'Kunstmatige ondersteuning bij leverfalen'; een signalement van de Gezondheidsraad

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Acute liver failure has a high mortality (40-95%) depending on the cause. Emergency liver transplantation is the only way to improve survival: a one-year survival of 5o-6o%. In the past, many different modalities of artificial liver support have been studied. None of them appeared to be able to improve survival compared to maximal intensive care treatment. Two rather recent approaches are the development of a bioartificial liver (BAL), charged with billions of porcine liver cells, and albumin dialysis (MARS). A signalling report has been sent to the Dutch Minister of Health to resume the current position of BAL and MARS in the treatment of severe liver failure. The outcome is that no firm conclusions can yet be drawn as to the applicability of these modalities. Only two small-scale controlled clinical trials have been published on the MARS technique and the only published large-scale controlled clinical trial of a BAL in acute liver failure is not conclusive. On theoretical grounds, BAL treatment has more potential than MARS since a BAL will replace not only the failing hepatic detoxification but also the synthetic and metabolic functions. So far, no evidence has been found for transmission ofporcine pathogens to patients despite numerous phase 1 studies of bioartificial livers charged with porcine hepatocytes. More well-designed controlled clinical trials are needed. Therefore, the Dutch moratorium on xenotransplantation should be revised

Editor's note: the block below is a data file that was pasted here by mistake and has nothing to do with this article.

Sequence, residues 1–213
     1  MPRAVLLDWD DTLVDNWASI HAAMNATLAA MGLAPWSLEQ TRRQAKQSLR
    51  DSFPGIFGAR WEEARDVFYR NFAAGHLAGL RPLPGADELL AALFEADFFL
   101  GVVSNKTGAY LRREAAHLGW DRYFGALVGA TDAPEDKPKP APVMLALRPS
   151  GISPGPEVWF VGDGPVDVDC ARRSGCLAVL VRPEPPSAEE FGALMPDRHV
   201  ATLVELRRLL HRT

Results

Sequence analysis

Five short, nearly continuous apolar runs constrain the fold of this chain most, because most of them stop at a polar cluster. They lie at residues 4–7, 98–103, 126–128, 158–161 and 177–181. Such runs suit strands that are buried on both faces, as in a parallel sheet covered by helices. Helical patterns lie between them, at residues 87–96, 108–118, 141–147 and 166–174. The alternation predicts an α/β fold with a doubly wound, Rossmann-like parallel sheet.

Original languageDutch
Pages (from-to)221-ev
JournalNederlands Tijdschrift voor Geneeskunde
Issue number5
Publication statusPublished - 2005

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